Page Banner

United States Department of Agriculture

Agricultural Research Service

Research Project: Understanding and Mitigating the Adverse Effects of Poisonous Plants on Livestock Production Systems

Location: Poisonous Plant Research

Title: Conditioned food aversion for control of poisoning by Ipomoea carnea subsp. fistulosa

Authors
item Pimentel, Luciano -
item Maia, Lisanka -
item Carvalho, Fabricio -
item Campos, Edipo -
item Pfister, James
item Cook, Daniel
item Medeiros, Rosane -
item Riet-Correa, Franklin -

Submitted to: Pesquisa Veterinaria Brasileira
Publication Type: Peer Reviewed Journal
Publication Acceptance Date: April 15, 2013
Publication Date: June 1, 2013
Citation: Pimentel, L., Maia, L.A., Carvalho, F.K., Campos, E.M., Pfister, J.A., Cook, D., Medeiros, R.M., Riet-Correa, F. 2013. Conditioned food aversion for control of poisoning by Ipomoea carnea subsp. fistulosa. Pesquisa Veterinaria Brasileira. 33(6):719-723.

Interpretive Summary: Conditioned food aversion is a technique that can be used to train livestock to avoid ingestion of poisonous plants. This study tested the efficacy and durability of conditioned food aversion to eliminate goat’s consumption of Ipomoea carnea. Ipomoea carnea frequently poisons grazing goats in northeastern Brazil. We used 14 young goats, which were initially adapted to the consumption of the plant by offering dried I. carnea with their concentrate diet for 30 days, and then subsequently providing green plant for another 10 days. To confirm the spontaneous consumption of the plant, the goats were allow to graze in a 0.5 ha paddock where I. carnea had been planted. In Group 1, with two non-averted and four averted goats, all animals started to ingest the plant after 1 to 6 weeks of grazing. They continually increased their consumption of the plant, but never consumed the plant exclusively. None of the averted goats of Group 2 started eating the plant during the 12 months of observation. After this period the area of the paddock planted with I. carnea was expanded and grazing time was increased to four hours per day for five days a week. At this stage all the goats in Group 1 ingested the plant in large quantities. The goats from Group 2 gradually started to eat the plant and aversion was extinguished in all animals after two months. Conditioned food aversion was effective in reducing goat consumption of I. carnea, but the duration of aversion depends on the time of grazing and amount of plant available. However, the aversion was quickly extinguished by social facilitation when averted animals grazed with non-averted animals.

Technical Abstract: Conditioned food aversion is a technique that can be used to train livestock to avoid ingestion of poisonous plants. This study tested the efficacy and durability of conditioned food aversion to eliminate goat’s consumption of Ipomoea carnea subsp. fistulosa. We used 14 young Moxotó goats, which were initially adapted to the consumption of the plant by offering dried I. carnea with their concentrate diet for 30 days, and then subsequently providing green plant for another 10 days. To confirm the spontaneous consumption of the plant, the goats were allow to graze in a paddock of 510m2 where I. carnea had been planted in an area of 30m2 (10 plants/m2). On day 42, 2 goats were offered fresh green plant individually in a pen for a few minutes, and after the consumption of any amount of the plant they were treated orally with a solution of LiCl at a dose 175mg per kg of body weight. This procedure was repeated for two more consecutive days. Thereafter, the goats were divided into two groups: Group 1 with four averted and two non-averted goats; and Group 2 with eight averted goats. To verify the efficacy and duration of aversion, both groups were introduced into the paddock with I. carnea three days a week for two hours daily. In Group 1, with two nonaverted and four averted goats, all animals started to ingest the plant after 1-6 weeks of grazing. They continually increased their consumption of the plant, but never consumed the plant exclusively. None of the goats of Group 2 goats started eating the plant during the 12 months of observation. After this period the area of the paddock planted with I. carnea was expanded to 80 m2 and grazing time was increased to four hours per day for five days a week. At this stage all the goats in Group 1 ingested the plant in large quantities. The goats from Group 2 gradually started to eat the plant and aversion was extinguished in all animals after two months. Swainsonine concentration of I. carnea subsp. fistulosa was 0.052±0.05% (mean ±SD). It was concluded that conditioned food aversion was effective in reducing goat consumption of I. carnea, but the duration of aversion depends on the time of grazing and amount of plant available. However, the aversion was quickly extinguished by social facilitation when averted animals grazed with non-averted animals.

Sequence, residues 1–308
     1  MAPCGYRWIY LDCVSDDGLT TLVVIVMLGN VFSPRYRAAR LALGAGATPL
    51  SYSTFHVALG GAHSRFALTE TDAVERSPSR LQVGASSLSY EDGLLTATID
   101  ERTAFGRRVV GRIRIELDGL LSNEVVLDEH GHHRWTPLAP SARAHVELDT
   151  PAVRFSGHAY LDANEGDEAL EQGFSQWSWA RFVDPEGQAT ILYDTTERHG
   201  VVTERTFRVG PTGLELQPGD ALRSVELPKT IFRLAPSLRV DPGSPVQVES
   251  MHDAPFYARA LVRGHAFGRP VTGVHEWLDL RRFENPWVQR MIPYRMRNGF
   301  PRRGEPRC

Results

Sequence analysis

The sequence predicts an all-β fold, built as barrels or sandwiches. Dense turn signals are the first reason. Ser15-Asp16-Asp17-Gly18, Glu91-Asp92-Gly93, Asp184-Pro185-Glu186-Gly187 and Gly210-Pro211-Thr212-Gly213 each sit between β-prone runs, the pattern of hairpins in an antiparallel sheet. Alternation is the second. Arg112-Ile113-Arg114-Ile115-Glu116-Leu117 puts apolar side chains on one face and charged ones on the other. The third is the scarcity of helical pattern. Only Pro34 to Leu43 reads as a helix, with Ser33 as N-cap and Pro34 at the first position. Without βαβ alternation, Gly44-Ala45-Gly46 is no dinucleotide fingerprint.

Last Modified: 11/27/2014
Footer Content Back to Top of Page